The Upper Room nurtures a global prayer movement
In an interview with Interpreter, Sarah E. Wilke, world editor and publisher of Upper Room Ministries, tells about a multifaceted mission that reaches people of all ages around the world.
The Upper Room has made its reputation on the popular daily devotional magazine of the same name, but how has your ministry expanded beyond "the little book"?
We're blessed that the devotional continues to thrive. Every day, it's bringing a faith story and the opportunity for communal prayer to more than 3 million readers in 35 languages around the world. But our core mission is to nurture a global prayer movement, and the challenge – and the joy – of that mission is the freedom to be creative.
Besides The Upper Room, we also produce four magazines, Alive Now and Weavings, for adults looking for more spiritual grounding, and Devozine for youth and Pockets for kids. We also have numerous book offerings, and all of our published work is in print and digital formats.
Our community-based programs continue to expand in the United States and internationally. There are now more than 600 Walk to Emmaus and Chrysalis communities, with the newest additions in Fiji, Zambia and the Philippines. The Academy for Spiritual Formation recently celebrated its 30th anniversary, and many graduates are interested in launching the program in their home countries, including Cuba, Singapore, Ukraine and Bolivia.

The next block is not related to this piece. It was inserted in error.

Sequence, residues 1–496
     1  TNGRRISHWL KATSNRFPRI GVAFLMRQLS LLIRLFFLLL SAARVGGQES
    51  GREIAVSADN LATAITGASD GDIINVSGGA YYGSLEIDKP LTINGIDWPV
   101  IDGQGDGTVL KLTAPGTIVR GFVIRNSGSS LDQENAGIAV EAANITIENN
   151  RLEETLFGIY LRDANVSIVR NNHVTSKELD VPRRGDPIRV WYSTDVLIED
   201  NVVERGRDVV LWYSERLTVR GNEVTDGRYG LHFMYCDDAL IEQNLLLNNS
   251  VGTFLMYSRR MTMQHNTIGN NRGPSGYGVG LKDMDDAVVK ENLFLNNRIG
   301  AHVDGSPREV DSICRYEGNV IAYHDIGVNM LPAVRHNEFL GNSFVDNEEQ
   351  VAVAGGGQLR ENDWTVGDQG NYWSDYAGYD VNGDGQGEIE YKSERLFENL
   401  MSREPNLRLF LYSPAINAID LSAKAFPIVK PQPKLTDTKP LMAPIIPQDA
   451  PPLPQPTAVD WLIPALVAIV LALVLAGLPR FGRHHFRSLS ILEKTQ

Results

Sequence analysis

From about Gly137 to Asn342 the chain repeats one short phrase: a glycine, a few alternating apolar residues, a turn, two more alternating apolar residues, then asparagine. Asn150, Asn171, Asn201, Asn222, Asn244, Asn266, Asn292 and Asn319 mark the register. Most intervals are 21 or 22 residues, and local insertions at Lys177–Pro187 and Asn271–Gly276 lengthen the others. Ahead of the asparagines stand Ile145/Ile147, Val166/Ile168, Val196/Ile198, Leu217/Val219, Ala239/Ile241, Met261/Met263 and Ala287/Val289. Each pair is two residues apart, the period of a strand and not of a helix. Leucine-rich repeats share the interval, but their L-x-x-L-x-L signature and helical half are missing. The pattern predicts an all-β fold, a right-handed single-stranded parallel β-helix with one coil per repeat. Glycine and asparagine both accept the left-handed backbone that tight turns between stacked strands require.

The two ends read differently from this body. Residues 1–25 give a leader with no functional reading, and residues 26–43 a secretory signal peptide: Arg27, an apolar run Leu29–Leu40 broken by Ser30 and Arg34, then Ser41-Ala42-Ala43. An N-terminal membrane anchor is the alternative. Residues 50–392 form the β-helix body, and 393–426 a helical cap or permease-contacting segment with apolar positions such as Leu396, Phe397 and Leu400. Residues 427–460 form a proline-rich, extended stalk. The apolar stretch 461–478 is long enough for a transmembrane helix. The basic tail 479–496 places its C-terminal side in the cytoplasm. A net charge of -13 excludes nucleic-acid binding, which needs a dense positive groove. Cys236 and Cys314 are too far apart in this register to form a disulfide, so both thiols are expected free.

Our Living Prayer Center is another vital ministry. Each year our 600 volunteers pray with the 300,000 people who reach out to us through the Internet or by phone. Our Nashville headquarters also has the privilege of hosting thousands of guests every year in our historic Upper Room Chapel.
Technology has made it possible for us to engage individuals and faith communities through social media, e-learning, webinars and web-based conferencing. As new technologies emerge, we are committed to using them to minister to the world.
What have you learned about the spiritual needs of older adults – especially baby boomers – that could be helpful to local churches developing ministries for that demographic?
More than anything, we know that people never want to stop growing spiritually – no matter their age – and older adults have a strong desire to be a vital part of their congregations. Those are probably the most important things that local churches need to keep in mind. We have many resources for congregations that recognize senior members have much to offer and deserve understanding and respect.
Our publishing arm is always working to identify topics that interest older adults and help strengthen older-adult ministries, and we've been fortunate to attract authors with a passion for the needs of senior adults. One of our authors, Richard Morgan, was able to recognize the need to encourage honest and loving Christian conversations around the subject of death through his work as a pastor and hospice chaplain. His new book, At the Edge of Life: Conversations When Death Is Near, is set to be released this September.